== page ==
Click on the audio player above to hear this interview.
On Thursday, an order by a federal judge allowed for the release of another police shooting video in the city of Chicago. This time, a white officer is shown shooting a black teenager while the young man tries to flee on foot.
Cedrick Chatman, 17, was thought to have been involved in carjacking in January 2013 when police pursued him and ultimately killed him. The footage is not as graphic as the now-widely known dash-cam video of the shooting death of Laquan McDonald in Chicago.
This time, the video shows a distant view of Chatman and the quality is grainy, but Chatman's family pushed for its release to counter statements from police that accused Chatman of turning and pointing an object at police as he ran. It turns out Chatman was unarmed and holding a black iPhone box.
This incident follows a slew of other questionable practices and cover ups by the Chicago Police Department (CPD) that the U.S. Department of Justice is currently investigating. Many say the Chatman case, and the three long years it took for the video to be released, speaks to a culture of dysfunction in the Windy City’s justice system.
“I think it says that there is a culture of coverup, that there is a culture of protecting wrongdoers within the police department,” says Richard Boykin, Cook County Commissioner in Chicago. “This incident with Cedrick Chatman is something that is unconscionable.”
While Boykin believes there are good officers within the Chicago Police Department, he says the Chatman and McDonald cases demonstrates a pattern of misconduct within the CPD.
“There was an indictment in the Laquan McDonald case of Officer [Jason] Van Dyke just hours before the release of the video,” he says. “The prosecutor waited 400 days to make an indictment. We do not believe that she would have indicted that police officer if in fact the video had not been ordered to be released by the judge.”
Boykin says that the officers involved in the McDonald case filed false reports to back up their claims. None of them have been charged, and those involved are still working and being paid.
“We all saw the video, and I can deduce in 13 seconds that this was a murder in the Laquan McDonald case—this officer shot him in the back and shot 16 times,” Boykin says. “This is wrong. We wouldn’t treat an animal this way, so why would we allow for officers to treat a human being this way?”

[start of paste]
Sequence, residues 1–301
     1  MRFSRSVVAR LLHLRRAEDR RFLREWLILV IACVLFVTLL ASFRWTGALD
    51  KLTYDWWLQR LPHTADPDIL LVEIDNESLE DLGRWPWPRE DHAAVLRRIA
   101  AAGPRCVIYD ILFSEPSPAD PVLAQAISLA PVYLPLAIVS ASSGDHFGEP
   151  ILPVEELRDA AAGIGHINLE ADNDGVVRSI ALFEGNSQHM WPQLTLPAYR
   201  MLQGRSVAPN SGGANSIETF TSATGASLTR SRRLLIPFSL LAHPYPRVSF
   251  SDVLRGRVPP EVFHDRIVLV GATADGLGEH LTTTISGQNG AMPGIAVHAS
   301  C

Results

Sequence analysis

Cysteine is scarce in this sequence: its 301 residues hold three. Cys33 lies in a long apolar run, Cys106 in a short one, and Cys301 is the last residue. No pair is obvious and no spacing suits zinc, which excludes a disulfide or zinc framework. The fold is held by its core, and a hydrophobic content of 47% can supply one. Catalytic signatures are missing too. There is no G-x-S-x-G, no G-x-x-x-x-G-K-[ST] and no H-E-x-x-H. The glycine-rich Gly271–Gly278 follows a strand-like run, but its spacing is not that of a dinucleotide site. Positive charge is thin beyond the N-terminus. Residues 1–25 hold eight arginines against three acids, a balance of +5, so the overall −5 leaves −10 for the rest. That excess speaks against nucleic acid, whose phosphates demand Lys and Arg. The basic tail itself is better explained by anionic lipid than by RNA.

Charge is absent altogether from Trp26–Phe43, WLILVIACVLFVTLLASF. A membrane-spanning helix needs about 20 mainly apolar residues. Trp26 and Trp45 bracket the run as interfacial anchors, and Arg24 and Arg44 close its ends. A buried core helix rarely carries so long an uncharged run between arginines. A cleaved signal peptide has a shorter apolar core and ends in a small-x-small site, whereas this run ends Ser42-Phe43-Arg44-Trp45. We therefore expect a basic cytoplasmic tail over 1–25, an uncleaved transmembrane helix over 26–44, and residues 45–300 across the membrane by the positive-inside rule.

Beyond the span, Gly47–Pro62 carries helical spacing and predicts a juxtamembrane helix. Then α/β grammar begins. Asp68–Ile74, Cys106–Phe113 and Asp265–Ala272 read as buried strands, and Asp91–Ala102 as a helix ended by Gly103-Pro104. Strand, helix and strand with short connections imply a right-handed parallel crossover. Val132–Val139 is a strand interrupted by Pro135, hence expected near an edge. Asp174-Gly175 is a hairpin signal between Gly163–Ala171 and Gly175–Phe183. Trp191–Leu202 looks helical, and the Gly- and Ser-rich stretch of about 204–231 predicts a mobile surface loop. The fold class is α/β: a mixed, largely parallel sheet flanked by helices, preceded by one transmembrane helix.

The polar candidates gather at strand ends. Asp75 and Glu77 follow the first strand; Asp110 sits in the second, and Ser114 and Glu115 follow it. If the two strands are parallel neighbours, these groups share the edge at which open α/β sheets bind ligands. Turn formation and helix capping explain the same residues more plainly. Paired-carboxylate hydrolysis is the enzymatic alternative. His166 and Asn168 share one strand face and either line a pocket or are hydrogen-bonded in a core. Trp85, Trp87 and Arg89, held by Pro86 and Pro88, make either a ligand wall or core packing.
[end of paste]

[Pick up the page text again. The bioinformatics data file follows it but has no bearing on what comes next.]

When it comes to the Chatman case, Boykin believes the officers also pursued a shoot first, ask questions later mentality.
“That should never have happened,” he says. “The culture is set by the superintendent of police—this superintendent, Garry McCarthy, is gone now. But they mayor ultimately selects the police superintendent. We must send a signal through the Chicago Police Department that this type of behavior will not be tolerated.”
Chicago Mayor Rahm Emanuel has pursued some reforms, but only after bystander Bettie Jones, a 55-year-old mother of five, was, according to the Chicago Police Department, "accidentally struck and tragically killed” during an altercation with a 19-year-old man having a mental health episode. The man in question, Quintonio LeGrier, was killed by police after he was shot seven times.
“The mayor has ordered crisis intervention training for all police officers, and he’s ordered tasers to be available in all police units,” says Boykin. “I think those are necessary things that will help, hopefully, to save lives. But the other thing that the mayor should say is that individuals should not be shot in the back. If someone is fleeing a scene from a carjacking [like Chatman], does the guy deserve to die?”
Boykin says lawmakers in Cook County—the place where Chicago is located—plan to push the Illinois legislature to adopt a new law that would allow the governor to mandate that a special prosecutor be appointed to examine cases involving police and unarmed civilians.
“It’s so that there is no question that justice and fairness will be done in police involved shootings, and that this cozy relationship between prosecutors and police won’t impede the justice system from flowing,” he says.